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Sebastien Kraft

(Attorney - Salinger v. Colting)

Theme: Mr. C belongs to J.D.

Our Witnesses:
Kenneth D Crews (Expert on Fair use)
Fair Use: A Place in the World
Several articles/books/publications analyzing the application of fair use and other
copyright exceptions.

Deborah A. Batts (original judge)

Ori Zwerdling
Anthony Falzone (Expert on fair use/copyright law)
Aidan Reilly
Unfair Competition Laws
Marcia Beth Paul (Salinger lawyer in original trial)
Julie Ahrens (Expert on fair use/copyright)- 7 years 5 months in working with fair use mainly
Rebecca Rich
Response to common objections to case (?)
Ivan Hoffman (Expert on protection of fictional characters)
J.D. Salinger (Defendant)

July 16, 1951 - Catcher in the Rye was published. Since that day, the book has become an icon of
American literature. Holden Caulfield, a character etched in American lore by Mr. Salinger, has
recently been renamed Mr. C. In 60 Years later: Coming Through the Rye by Fredrik Colting,
Mr. C has a sister named Phoebe, calls everyone phonies, and regularly incorporates the words
helluva and goddamn into his speech. This adaptation of Holden Caulfield is not an
adaptation; he is Holden Caulfield. Mr. Colting has not transformed Mr. Salingers work, but has
rather set it in a new time period, in which Caulfield is 76 years old. This is why, whether it be
1951 or 2009, Mr. C belongs to J.D.
Two categories of Fair Use:
Commentary and Criticism; doesn't fit b/c comm./crit. describes the copying of only a few
quotes or paragraphs.
Parody; cant be parody b/c works are closely related and 60 Years Later in no way ridicules
Rights granted under Copyright Law:
Right to reproduce: according to Copyright Act of 1976, copyright infringement is must be
"substantial and material." As we will discuss further, Mr. Coltings reproduction of Mr.

Sebastien Kraft
(Attorney - Salinger v. Colting)
Salingers work is not transformative enough to escape the substantial and material
Right to prepare derivative works: In order to refer to the derivative works principle, must prove
that Coltings rendition of the book is transformative enough. However, we do not believe that
Coltings adaptation sufficiently changes the content of Catcher in the Rye.

Opening Statement FINAL DRAFT

If I were to call you a goddamn phony, who would you think of? If I were to tell you
about a boy and his beloved sister, Phoebe, who would you say the boy is? If your answer to
these questions is Holden Caulfield, then your answer must also be J.D. Salinger. Holden
Caulfield, a character etched in American lore by Mr. Salinger, has recently been renamed Mr.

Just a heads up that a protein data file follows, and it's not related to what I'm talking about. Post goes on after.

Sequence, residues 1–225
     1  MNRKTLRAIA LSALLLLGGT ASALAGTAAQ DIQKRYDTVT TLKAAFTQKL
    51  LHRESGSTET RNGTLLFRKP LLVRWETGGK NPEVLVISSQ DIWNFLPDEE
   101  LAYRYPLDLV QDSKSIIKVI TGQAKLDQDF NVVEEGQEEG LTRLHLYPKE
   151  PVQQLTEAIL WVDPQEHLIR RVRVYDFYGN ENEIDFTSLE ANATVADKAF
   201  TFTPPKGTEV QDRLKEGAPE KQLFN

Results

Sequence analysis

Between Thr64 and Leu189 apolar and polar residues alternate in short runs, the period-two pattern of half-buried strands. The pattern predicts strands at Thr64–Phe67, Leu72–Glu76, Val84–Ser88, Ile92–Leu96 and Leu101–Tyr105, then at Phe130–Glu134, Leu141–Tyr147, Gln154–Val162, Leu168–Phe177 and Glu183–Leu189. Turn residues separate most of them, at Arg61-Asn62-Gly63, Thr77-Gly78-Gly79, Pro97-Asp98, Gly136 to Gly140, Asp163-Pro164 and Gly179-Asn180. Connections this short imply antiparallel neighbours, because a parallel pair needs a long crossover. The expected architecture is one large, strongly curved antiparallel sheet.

C by Mr. Fredrik Colting in 60 Years later: Coming Through the Rye. Mr. C is not based on or
adapted from Holden Caulfield; he is Holden Caulfield. Indeed, Mr. Colting has failed to
transform Mr. Salingers work, using diction, word choice, and characterization that is eerily
similar to those contained in Salingers 1951 novel. In addition, Mr. Coltings inclusion of
gratuitous sexual descriptions, and his attempt to kill off Holden Caulfield at a nursing home
have shed a false light on Salingers work, tarnishing its reputation beyond reclamation. If Elia
Kazan wasnt granted the rights to stage it on Broadway, and Steven Spielberg and Harvey
Weinstein werent allowed to adapt it on the movie screen, then why should Fredrik Colting be
able to pen his own rendition of The Catcher in the Rye without even asking for the rights to Mr.
Salingers work? There are four criteria for patent owners seeking an injunction, established by
the precedent set forth in the 2006 court case eBay v. MercExchange:
(1) that the patent has suffered irreparable injury;
(2) that remedies available at law, such as monetary damages, are inadequate to compensate for
that injury;
(3) that a remedy in equity is warranted; and
(4) that the public interest would not be disserved by a permanent injunction.

Sebastien Kraft
(Attorney - Salinger v. Colting)
In the ensuing moments, you will hear from a fair use expert, the judge from the original
Salinger v. Colting trial, an expert on fair use and copyright law, Mr. Salingers lawyer in the
original trial, another fair use and copyright expert, an expert on the protection of fictional
characters, and the defendant, Mr. Salinger himself. Now, you must now prepare yourself for the
emergence of the truth. The stage is set, the jury is out, and whether it be 1951 or the present day,
Mr. C belongs to J.D.